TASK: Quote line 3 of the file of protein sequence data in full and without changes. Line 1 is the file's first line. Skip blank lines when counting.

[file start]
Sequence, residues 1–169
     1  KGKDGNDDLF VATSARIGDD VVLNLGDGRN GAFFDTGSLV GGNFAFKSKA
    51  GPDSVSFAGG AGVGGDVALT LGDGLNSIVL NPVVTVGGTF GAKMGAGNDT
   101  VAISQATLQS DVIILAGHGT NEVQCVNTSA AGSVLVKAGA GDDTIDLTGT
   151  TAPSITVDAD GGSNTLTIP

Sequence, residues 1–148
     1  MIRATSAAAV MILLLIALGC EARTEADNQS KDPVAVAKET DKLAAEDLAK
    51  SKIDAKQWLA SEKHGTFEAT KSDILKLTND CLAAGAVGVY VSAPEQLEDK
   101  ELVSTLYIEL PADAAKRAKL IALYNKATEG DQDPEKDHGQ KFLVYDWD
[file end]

    51  GPDSVSFAGG AGVGGDVALT LGDGLNSIVL NPVVTVGGTF GAKMGAGNDT